Dark Reading is part of the Informa Tech Division of Informa PLC

This site is operated by a business or businesses owned by Informa PLC and all copyright resides with them.Informa PLC's registered office is 5 Howick Place, London SW1P 1WG. Registered in England and Wales. Number 8860726.

Risk

4/18/2013
09:45 AM
Gunnar Peterson
Gunnar Peterson
Commentary
50%
50%

What IAM Can Learn From Bill Gates

In identity and access management, it pays to be long-term aggressive and short-term conservative

There is a saying that you should never write a project plan that is longer than six months. Why? Because by then there will be a reorg, and you won't finish the project. Unfortunately, this is a truism in many companies, and so it has forced people to think about what they can deliver in the short term. (The Agile people hedged their bets even more -- they use two weeks!)

This kind of short-term thinking has its limitations, especially when it comes to identity and access management (IAM). To paraphrase Bill Gates: Most people overestimate what they can do in the short run and underestimate what they can do in the long run.

IAM is a domain where it's critical to have a top-down strategic view and a bottom-up tactical view. The top-down strategy is important because no one IAM product can do it all. The problem set, brought on by managing a decentralized system, mixtures of technologies, acquisitions, and outsourcing, is too vast. This has led to a sea of IAM products -- SSO, role management, role mining, entitlements, provisioning, federation, strong auth, and on and on. All of these products solve a piece of the overall IAM puzzle; however, trying to execute on too many of them in the short term is a recipe to fail.

Instead, it's better to think top-down and execute bottom-up. Think through a top-down strategic road map for your IAM architecture. Drill down on the scope and priorities for the next three years or so. Any longer is a stretch -- I do not think it's possible to predict too much in this business beyond three years.

Meanwhile, be careful not to overpromise what can be done in the short run. Select projects that help you both evolve your IAM implementation near term and fits into your longer-term road map.

It's OK to be aggressive in planning what can be done in longer-term period. Companies have pulled off some impressive IAM achievements through automation, improving security, and integration. But ensure the tactical iterations to deliver this are based on conservative assumptions.

Generally speaking, companies do the tactical pieces by outsourcing to a consulting shop. This is fine as far as it goes, but it's important to not completely outsource the strategic road map planning. Someone needs to hold the longer term view and see it through across multiple iterations -- that's where the larger scale benefits will be realized. Gunnar Peterson (@oneraindrop) works on AppSec - Cloud, Mobile and Identity. He maintains a blog at http://1raindrop.typepad.com. View Full Bio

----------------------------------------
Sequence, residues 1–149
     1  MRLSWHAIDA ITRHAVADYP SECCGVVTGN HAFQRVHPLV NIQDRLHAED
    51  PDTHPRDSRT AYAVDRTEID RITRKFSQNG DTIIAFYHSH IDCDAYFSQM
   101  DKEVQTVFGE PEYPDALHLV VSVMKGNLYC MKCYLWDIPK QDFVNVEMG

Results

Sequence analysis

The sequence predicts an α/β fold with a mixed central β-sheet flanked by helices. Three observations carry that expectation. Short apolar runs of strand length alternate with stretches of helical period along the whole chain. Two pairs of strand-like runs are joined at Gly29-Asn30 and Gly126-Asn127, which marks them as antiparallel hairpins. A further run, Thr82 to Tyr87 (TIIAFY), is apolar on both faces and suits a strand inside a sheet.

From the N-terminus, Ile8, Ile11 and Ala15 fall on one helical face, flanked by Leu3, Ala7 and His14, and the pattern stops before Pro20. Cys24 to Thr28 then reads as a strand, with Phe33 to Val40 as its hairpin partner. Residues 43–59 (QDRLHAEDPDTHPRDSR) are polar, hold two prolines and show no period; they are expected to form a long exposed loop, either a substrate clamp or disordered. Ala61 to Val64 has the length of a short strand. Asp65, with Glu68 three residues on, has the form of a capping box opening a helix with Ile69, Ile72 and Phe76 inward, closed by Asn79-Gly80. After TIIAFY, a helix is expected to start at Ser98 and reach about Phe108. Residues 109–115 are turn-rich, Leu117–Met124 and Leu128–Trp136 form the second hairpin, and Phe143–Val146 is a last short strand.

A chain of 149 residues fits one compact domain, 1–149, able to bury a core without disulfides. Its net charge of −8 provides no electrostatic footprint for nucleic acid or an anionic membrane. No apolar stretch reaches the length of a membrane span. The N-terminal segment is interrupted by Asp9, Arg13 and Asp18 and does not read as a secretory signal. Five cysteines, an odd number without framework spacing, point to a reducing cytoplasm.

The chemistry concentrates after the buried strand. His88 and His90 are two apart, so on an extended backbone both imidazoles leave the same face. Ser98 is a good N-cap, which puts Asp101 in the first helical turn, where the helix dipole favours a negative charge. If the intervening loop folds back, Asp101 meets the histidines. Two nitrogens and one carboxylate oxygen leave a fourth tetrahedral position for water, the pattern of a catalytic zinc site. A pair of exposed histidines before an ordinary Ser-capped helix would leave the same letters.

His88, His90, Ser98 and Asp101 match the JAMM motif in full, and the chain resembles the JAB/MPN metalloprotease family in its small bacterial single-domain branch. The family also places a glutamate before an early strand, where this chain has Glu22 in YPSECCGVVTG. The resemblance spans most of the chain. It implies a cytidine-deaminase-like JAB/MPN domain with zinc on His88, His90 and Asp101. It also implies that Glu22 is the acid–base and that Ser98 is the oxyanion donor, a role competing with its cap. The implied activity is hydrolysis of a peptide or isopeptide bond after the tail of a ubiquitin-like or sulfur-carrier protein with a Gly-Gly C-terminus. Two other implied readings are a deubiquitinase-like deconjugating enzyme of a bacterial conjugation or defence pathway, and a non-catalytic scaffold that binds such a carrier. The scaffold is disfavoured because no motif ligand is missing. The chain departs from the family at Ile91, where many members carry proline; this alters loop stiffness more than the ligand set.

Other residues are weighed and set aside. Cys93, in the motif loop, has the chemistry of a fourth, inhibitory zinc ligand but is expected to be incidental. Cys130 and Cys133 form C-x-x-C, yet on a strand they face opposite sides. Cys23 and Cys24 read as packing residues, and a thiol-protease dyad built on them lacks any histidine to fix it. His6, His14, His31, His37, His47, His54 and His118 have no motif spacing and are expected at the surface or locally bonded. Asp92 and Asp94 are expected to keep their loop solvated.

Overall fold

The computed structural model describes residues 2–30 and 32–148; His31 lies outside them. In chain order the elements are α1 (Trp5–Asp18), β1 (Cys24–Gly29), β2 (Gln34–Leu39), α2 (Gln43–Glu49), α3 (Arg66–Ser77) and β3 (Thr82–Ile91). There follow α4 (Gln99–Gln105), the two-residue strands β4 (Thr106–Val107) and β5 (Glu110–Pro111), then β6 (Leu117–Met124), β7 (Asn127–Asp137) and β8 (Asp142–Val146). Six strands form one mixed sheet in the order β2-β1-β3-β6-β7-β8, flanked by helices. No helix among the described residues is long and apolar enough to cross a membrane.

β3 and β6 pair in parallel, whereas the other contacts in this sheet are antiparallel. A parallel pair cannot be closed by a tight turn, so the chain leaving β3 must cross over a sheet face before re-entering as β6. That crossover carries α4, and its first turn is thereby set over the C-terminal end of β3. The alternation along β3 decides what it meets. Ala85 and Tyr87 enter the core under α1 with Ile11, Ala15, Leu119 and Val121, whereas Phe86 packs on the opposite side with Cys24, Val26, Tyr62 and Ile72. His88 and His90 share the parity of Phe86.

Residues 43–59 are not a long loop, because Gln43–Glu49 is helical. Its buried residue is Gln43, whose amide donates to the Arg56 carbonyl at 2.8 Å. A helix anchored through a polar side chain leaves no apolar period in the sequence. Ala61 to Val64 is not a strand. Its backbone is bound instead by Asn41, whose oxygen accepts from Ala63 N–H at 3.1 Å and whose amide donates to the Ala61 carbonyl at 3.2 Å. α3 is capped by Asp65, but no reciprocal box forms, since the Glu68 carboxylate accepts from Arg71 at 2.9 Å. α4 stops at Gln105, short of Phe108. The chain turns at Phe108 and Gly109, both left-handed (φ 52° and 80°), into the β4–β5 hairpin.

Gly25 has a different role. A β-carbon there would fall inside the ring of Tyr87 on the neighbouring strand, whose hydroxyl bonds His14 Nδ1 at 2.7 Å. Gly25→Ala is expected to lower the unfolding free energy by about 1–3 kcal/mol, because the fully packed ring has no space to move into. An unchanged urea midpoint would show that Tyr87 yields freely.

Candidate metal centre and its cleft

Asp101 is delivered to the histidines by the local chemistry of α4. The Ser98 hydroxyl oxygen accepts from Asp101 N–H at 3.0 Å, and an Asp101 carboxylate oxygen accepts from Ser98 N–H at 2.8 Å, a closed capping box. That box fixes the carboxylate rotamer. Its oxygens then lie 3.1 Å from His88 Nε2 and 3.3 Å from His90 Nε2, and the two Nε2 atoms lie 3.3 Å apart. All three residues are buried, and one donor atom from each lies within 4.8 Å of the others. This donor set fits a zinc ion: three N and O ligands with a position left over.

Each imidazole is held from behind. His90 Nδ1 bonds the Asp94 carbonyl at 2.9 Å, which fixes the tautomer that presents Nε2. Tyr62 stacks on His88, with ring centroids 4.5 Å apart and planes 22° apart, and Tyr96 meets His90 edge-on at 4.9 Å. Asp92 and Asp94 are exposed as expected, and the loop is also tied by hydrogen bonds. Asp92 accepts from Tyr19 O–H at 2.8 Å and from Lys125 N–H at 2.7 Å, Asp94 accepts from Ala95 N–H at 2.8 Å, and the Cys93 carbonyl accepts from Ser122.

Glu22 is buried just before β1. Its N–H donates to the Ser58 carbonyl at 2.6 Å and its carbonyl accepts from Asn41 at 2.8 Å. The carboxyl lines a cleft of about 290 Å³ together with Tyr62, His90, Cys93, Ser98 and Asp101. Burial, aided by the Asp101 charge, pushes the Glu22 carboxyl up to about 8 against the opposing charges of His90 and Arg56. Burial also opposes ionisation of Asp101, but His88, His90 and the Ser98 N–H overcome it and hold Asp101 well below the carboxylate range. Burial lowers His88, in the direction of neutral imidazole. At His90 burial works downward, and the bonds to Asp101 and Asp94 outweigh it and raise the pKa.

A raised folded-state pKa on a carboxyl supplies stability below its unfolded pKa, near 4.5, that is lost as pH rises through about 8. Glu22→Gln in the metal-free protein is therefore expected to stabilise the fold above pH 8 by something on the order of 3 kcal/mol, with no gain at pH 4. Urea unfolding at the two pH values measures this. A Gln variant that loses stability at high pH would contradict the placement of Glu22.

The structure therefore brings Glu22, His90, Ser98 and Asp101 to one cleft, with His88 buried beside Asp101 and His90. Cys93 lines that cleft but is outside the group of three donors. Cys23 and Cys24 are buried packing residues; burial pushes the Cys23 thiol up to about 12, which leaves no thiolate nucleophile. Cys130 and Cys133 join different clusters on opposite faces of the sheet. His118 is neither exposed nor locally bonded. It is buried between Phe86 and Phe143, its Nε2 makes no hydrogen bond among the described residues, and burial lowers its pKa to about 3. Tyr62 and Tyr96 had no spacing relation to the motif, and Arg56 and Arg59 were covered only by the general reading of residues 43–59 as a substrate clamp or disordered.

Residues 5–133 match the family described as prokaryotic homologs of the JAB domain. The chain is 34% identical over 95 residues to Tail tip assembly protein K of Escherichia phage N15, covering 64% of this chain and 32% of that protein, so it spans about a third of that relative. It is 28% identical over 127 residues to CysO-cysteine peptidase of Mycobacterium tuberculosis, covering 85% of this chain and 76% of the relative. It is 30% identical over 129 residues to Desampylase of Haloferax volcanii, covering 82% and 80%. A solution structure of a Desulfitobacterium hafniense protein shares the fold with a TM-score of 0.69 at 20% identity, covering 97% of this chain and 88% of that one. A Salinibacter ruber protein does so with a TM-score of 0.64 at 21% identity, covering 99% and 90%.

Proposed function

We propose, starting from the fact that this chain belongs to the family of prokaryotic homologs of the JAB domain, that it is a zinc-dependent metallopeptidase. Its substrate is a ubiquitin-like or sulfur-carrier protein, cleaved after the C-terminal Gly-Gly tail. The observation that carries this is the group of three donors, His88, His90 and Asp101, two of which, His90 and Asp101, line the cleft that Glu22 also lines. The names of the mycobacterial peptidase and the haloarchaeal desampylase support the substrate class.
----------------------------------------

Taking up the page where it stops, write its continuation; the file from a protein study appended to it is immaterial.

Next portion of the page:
Comment  | 
Print  | 
More Insights
Comments
Newest First  |  Oldest First  |  Threaded View
COVID-19: Latest Security News & Commentary
Dark Reading Staff 10/23/2020
7 Tips for Choosing Security Metrics That Matter
Ericka Chickowski, Contributing Writer,  10/19/2020
Russian Military Officers Unmasked, Indicted for High-Profile Cyberattack Campaigns
Kelly Jackson Higgins, Executive Editor at Dark Reading,  10/19/2020
Register for Dark Reading Newsletters
White Papers
Video
Cartoon
Current Issue
Special Report: Computing's New Normal
This special report examines how IT security organizations have adapted to the "new normal" of computing and what the long-term effects will be. Read it and get a unique set of perspectives on issues ranging from new threats & vulnerabilities as a result of remote working to how enterprise security strategy will be affected long term.
Flash Poll
How IT Security Organizations are Attacking the Cybersecurity Problem
How IT Security Organizations are Attacking the Cybersecurity Problem
The COVID-19 pandemic turned the world -- and enterprise computing -- on end. Here's a look at how cybersecurity teams are retrenching their defense strategies, rebuilding their teams, and selecting new technologies to stop the oncoming rise of online attacks.
Twitter Feed
Dark Reading - Bug Report
Bug Report
Enterprise Vulnerabilities
From DHS/US-CERT's National Vulnerability Database
CVE-2020-24847
PUBLISHED: 2020-10-23
A Cross-Site Request Forgery (CSRF) vulnerability is identified in FruityWifi through 2.4. Due to a lack of CSRF protection in page_config_adv.php, an unauthenticated attacker can lure the victim to visit his website by social engineering or another attack vector. Due to this issue, an unauthenticat...
CVE-2020-24848
PUBLISHED: 2020-10-23
FruityWifi through 2.4 has an unsafe Sudo configuration [(ALL : ALL) NOPASSWD: ALL]. This allows an attacker to perform a system-level (root) local privilege escalation, allowing an attacker to gain complete persistent access to the local system.
CVE-2020-5990
PUBLISHED: 2020-10-23
NVIDIA GeForce Experience, all versions prior to 3.20.5.70, contains a vulnerability in the ShadowPlay component which may lead to local privilege escalation, code execution, denial of service or information disclosure.
CVE-2020-25483
PUBLISHED: 2020-10-23
An arbitrary command execution vulnerability exists in the fopen() function of file writes of UCMS v1.4.8, where an attacker can gain access to the server.
CVE-2020-5977
PUBLISHED: 2020-10-23
NVIDIA GeForce Experience, all versions prior to 3.20.5.70, contains a vulnerability in NVIDIA Web Helper NodeJS Web Server in which an uncontrolled search path is used to load a node module, which may lead to code execution, denial of service, escalation of privileges, and information disclosure.